Hiking with your child provides ample opportunity to connect. Spending time together outdoors in a natural setting, with limited distractions (think no TV, no video games, no toys) allows for critical parent/child one-on-one time. It's that alone time where you relate to one another that nurtures this special relationship between you and them.
This is the number one way to bond with your child. Each time I take one of my girls hiking I learn something new about them and if your kids are anything like mine, they LOVE to talk. As the conversation flows between us I appreciate this time spent with them.
If you are uncomfortable talking with your children or not sure where to start use the following strategies:
- Ask questions — many children love to be asked questions and this is a wonderful way to learn something you may not know about your child. Ask about their day at school. Ask their favorite color or the theme of the book they are currently reading.
- Listen — two-way communication doesn't happen unless you actively listen. Put down the cell phone and map and focus on what your child is telling you. Hear what they have to say and respond enthusiastically.
- Be Present — don't think about your to-do list and don't think about work. DO think about your child and focus on what she has to say.
All kids love to play. It's what they do and they love when you participate in that play with them. Creative play ideas are unlimited and you only need to think like a kid and use your imagination. Follow your child's lead.
A few play ideas on the trail
- Nature scavenger hunts
- I spy game
- Would you rather game
- Follow the leader
- Simon Says
- Use the natural elements to play. Climb trees, wade in a stream, and skip rocks in a lake.
Spending time with your child on the trail leaves room to teach them many things. The undivided attention you're giving your child leaves a fantastic opportunity to teach them what you know. Keep the lessons simple, fun, and age-appropriate.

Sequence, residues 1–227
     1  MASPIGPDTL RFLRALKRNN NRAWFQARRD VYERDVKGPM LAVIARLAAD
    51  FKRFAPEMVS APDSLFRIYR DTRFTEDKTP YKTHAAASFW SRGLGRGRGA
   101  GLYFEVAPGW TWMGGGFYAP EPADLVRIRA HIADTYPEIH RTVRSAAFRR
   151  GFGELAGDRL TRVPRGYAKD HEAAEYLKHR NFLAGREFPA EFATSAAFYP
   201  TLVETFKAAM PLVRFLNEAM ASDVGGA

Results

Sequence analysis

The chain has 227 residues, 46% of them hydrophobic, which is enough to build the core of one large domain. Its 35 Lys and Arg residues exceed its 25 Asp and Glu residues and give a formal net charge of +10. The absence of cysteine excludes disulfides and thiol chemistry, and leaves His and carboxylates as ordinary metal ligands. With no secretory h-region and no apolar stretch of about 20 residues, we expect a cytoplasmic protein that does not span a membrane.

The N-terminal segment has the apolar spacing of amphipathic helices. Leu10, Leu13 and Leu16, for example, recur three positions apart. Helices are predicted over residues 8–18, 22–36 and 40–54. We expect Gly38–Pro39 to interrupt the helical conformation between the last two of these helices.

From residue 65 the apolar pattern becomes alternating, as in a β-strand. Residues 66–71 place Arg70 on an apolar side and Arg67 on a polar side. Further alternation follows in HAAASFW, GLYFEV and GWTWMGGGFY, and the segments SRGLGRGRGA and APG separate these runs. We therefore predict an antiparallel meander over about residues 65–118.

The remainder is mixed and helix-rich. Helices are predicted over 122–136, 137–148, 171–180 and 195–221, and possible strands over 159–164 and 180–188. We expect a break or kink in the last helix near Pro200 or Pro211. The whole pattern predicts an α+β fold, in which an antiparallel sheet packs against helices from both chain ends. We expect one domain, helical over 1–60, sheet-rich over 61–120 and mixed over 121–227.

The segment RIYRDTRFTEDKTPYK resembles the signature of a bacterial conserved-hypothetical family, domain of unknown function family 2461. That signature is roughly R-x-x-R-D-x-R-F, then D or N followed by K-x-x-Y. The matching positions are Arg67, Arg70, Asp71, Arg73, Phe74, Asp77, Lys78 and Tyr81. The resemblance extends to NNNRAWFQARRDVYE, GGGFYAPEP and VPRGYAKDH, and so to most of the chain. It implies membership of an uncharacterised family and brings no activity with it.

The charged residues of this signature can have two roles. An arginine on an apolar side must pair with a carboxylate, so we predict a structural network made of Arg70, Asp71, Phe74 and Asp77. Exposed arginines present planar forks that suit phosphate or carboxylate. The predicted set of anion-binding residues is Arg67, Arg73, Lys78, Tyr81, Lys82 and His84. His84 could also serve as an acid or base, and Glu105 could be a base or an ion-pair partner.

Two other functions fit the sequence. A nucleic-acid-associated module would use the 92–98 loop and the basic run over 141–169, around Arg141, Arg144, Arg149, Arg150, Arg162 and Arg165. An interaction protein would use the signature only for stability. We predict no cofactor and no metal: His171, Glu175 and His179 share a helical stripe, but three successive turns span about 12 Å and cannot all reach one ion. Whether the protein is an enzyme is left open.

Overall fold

A few teaching ideas:
- Leave no trace principles
- Knot tying
- Bird watching and identification
- Poison oak identification
- Outdoor survival skills
- Emergency preparedness
- Tell them a local lore story
- Nature journal
- Take turns snapping nature photos
Give you child a small gift on your hike
A thoughtful gift from you to your child is a nice gesture to help create a special day. Don't worry about spending money, because it's the thought that counts. Give them something from your heart.
- A friendship bracelet
- A thoughtful handwritten note
- A small candy treat
- Turn your day hike into a full day of fun. Pack a picnic lunch to eat along the way or hike and then swim at your destination. After the hike take your kids to get ice cream or another treat and end the hike on a high note.
- Each hike is a special memory in itself. Hopefully, you and your children will remember each and every one, but that is not always realistic. You can help by talking about your hike on the drive home and asking your child about their favorite part of the day.
- Soon after the hike, journal or draw a picture about your day together. If your child is too young to write have them dictate while you write their story down on their paper. Then place the pictures in a notebook or binder to refer to for years to come.
Create and Document New Memories
Being in nature without everyday distractions will likely allow for relationship nurturing of the best kind. Talk, talk, and talk some more with your kiddos and listen to what they have to say. Play with them and teach them new things. Better yet, teach them new things WHILE you play, then it won't feel like work. Personalize the day on the trail by picking a memorable location or gifting a token of your love and after your hike make sure to discuss the day's events and document them to reminiscence down the road. Lastly, have fun. Have fun when you talk. Have fun when you teach. Have fun when you hike. Have fun and bond with your child on the trail.
-Traci Lehman is an IT Analyst by trade and when she's not in the office she shares her walking and outdoor adventures on Walk Simply. Based in Southern California, Traci hopes to inspire others to go outside, enjoy the little things, and view our world up-close.